Considerations when designing crystals into STM32 microcontrollers

Crystal oscillators function as the “beating heart” of a microcontroller—synchronizing clock signals and managing timing for all present operations. In this article, learn how start-up, cost, package size, tolerance, and drive level are important things to consider when choosing a crystal for an STM32 microcontroller.

STM32 processor families

Table 1 shows the range of STM32 processor families and how they have been matched to different application verticals. Picking the desired MCU family is obviously the first choice a designer must consider. Some of these choices are outside the remit of this paper, like clocking speed, internal architecture and memory levels that impact the overall design. Power level of the architecture is the key factor for the oscillator design that follows. The designer’s choice at this stage to use an ultra-low power processor will have a major impact later in the design of the oscillator loop. Many of the STM32 MCUs offer a variable drive level. These offer designers LSE oscillators with modifiable on-the-fly transconductance (dynamically) like the STM32L0 and others in this category. Other MCUs like STM32L1, or F4, are fixed drive levels, and may have less flexibility.

Table 1 – STM32MCUs
ECS Inc STM32 MCUs 32 bit Arm Cortex M Table 1

What overall considerations should a designer look at when choosing a crystal?

  1. Will the crystal meet design guidelines and operate as planned?
  2. Will the crystal oscillator meet the power drain needs of the application?
  3. Will the crystal size fit the applications needs; is it small enough, lower drive or AECQ200?
  4. Will the crystal meet the cost targets set by the design?

Spec parameters that impact SMT32 MCU crystal oscillator design

  1. Start-up - Start-up performance can be looked at in two ways; firstly, if the oscillator will start up consistently in the application under environmental conditions, and secondly how long it takes to start up at power up. The data sheet parameters that affect start-up are CL, ESR, and C0. Making any of these lower improves gain margin that improves start-up. A greater-depth explanation is discussed in Section 5 which covers Gain Margin.

Figure 1 – Oscillator Start-up
ECS Inc Oscillator Start Up Figure 1

Figure 1 shows a typical Vdd rise from 0V and how oscillator closed loop gain increases until unity gain is reached, and the oscillator loop stabilizes, locking onto the resonator frequency. The time from 0V to start-up of stable oscillation is shown a Start-up time.

  1. Cost - Mass production volumes impact the global market for all BOM items that make up a crystal resonator. The 3.2 x 1.5 mm size is currently the largest volume seller, so we see prices very competitive in this size. ECS has the largest selection in this size as STM32 Reference Designs, with 20 options. The trend is towards smaller sizes are generally with 2.0 x 1.2 mm the next used option. Cost increases with further package size reduction.
  1. Package Size - As mentioned above the trend is for smaller package sizes, as driven by mobile wireless solutions. ECS Inc offers the widest selection of watch crystals in the industry with referenced part numbers for all STM32 MCUs. These range from 1.2 x 1.0 mm to 8.0 x 3.8 mm. Different package sizes offer different constraints, one of the major parameters is the ESR. Due to the crystal blank size, the ESR increases as package size reduces, this, in turn, impacts the gm_crit of the crystal. The ESC Selection Tool helps here, allowing the designer to make these considerations.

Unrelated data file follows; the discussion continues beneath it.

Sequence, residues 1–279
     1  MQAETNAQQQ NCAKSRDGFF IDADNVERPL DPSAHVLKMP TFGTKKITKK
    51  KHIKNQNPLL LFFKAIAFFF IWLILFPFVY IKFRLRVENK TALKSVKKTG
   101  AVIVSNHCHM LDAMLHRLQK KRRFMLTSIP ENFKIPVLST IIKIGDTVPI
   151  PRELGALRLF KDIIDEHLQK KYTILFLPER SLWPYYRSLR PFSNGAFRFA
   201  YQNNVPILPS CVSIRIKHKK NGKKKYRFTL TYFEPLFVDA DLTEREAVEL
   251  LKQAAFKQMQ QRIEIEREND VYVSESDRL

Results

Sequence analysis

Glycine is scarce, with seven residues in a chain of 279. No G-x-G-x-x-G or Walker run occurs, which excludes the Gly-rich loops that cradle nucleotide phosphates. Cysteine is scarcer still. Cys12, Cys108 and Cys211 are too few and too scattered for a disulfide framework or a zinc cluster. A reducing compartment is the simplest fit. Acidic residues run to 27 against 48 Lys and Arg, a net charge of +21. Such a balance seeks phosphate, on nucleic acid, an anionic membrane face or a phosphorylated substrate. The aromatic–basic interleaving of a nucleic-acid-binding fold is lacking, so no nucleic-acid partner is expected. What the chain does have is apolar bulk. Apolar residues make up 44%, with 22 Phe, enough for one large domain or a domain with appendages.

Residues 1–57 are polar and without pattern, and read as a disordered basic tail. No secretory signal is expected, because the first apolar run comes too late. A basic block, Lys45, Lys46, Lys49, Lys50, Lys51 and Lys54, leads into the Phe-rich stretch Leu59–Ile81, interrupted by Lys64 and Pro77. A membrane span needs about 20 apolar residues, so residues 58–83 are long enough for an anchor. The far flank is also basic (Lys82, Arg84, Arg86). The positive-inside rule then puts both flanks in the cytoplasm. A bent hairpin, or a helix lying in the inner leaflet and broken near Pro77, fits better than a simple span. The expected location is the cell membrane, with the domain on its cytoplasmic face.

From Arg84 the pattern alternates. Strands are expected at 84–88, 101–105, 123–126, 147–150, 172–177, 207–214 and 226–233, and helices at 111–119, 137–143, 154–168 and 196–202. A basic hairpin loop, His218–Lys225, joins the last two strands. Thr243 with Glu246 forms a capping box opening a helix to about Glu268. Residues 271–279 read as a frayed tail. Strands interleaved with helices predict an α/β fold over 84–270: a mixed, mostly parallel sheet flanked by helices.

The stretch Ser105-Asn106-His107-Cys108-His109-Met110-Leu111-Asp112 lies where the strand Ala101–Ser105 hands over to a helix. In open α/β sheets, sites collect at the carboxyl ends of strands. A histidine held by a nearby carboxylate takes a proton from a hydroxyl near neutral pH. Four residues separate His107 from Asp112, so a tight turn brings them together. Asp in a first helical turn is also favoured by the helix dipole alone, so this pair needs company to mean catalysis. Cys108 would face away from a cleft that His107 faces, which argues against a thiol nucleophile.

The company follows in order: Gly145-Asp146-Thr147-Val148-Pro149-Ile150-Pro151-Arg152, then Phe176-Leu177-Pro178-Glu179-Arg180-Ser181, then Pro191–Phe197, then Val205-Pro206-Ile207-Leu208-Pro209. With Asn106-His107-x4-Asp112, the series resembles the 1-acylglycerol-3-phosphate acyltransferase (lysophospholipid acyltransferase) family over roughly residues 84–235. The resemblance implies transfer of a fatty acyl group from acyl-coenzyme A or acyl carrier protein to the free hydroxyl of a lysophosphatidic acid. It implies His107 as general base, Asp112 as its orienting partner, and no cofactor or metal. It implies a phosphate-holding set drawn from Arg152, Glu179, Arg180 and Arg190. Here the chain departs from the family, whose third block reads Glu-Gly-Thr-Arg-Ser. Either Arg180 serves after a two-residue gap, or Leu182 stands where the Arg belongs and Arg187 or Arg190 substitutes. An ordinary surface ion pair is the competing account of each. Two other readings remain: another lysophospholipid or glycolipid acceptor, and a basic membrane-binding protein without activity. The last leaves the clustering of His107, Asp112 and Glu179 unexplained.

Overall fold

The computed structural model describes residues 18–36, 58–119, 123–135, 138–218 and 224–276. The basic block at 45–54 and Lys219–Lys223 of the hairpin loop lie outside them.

1. Tolerance – Most designs will look for a standard 20ppm tolerance crystal; tolerance is the manufacturing measured ppm range at 25°C. In some applications, tighter tolerance is important, and this is again where the ECS selection tool helps to narrow the range of options.
  1. Drive Level – Drive level is an important parameter to meet at both ends of the spectrum. Too low and the crystal won’t start up, too high and the crystal could be damaged or the oscillator loop saturate, so that loop gain drops <1 and the oscillator could stop.
    1. Low Drive - The ECS Selection Tool lists all parts that have a Gain Margin of 5 or greater for the specific STM32 processor with the selected or standard drive level. This ensures the crystal will start up and is the first priority. The ECS Selection Tool helps the designer to meet this mandatory requirement but then allows you to explore options. Picking a lower gm_crit actual will mean a lower drive current through the crystal, so using less power. ii. High Drive - The other extreme is more drive than the crystal and the oscillator loop can withstand. Some of the STM32 MCUs have a HIGH DRIVE configurable setting, for these, it's recommended to use 12.5pF CL crystal.
    2. High Drive - The other extreme is more drive than the crystal and the oscillator loop can withstand. Some of the STM32 MCUs have a HIGH DRIVE configurable setting, for these, it's recommended to use 12.5pF CL crystal.
    3. Figure 2 – Consideration for Drive level STM32 MCU
      ECS Inc Consideration for drive level STM32 MCUs Figure 2

    4. Figure 2 above taken from the STM32 AN2867, shows some of the compromises to consider when using different drive levels. Often low power is the driving factor for handheld or wireless-connected applications. The graph shows selecting 6pF or less CL with medium to low drive levels is a starting point for these applications. The ECS selection Tool helps refine this; by selecting for example F0 Medium Low, the range of CL from 6pF to 4pF can be selected (Ctrl + Select). Then further refinement can be made selecting Size and ESR to find the best solution.
    5. Remembering lower CL values result in increased pullability. Therefore, design variances like capacitor tolerance could lead to less accuracy or more variability in production. These lower CL crystals are also more vulnerable to noisy environments. ECS offers some of the lowest ESRs in the industry, if this is a suitable workaround.
    6. If low power is not a driving factor, a higher CL value will give more robustness to noisy environments. In these cases where MCU high drive is implemented a 12.5pF CL is advised. This will make the oscillator closed loop less vulnerable to saturation. This saturation situation occurs as the sine wave approaches the supply rails, the amplifier in the closed loop flattens (clips) the sine peaks, suddenly small signal gain instantaneously drops to zero. This only recovers when the output amplitude increases until the nonlinearity reduces the average small signal gain to one, so oscillation can continue. Remember, Barkhausen Criterion, where first condition is that the magnitude of the loop gain (Aβ) must be unity.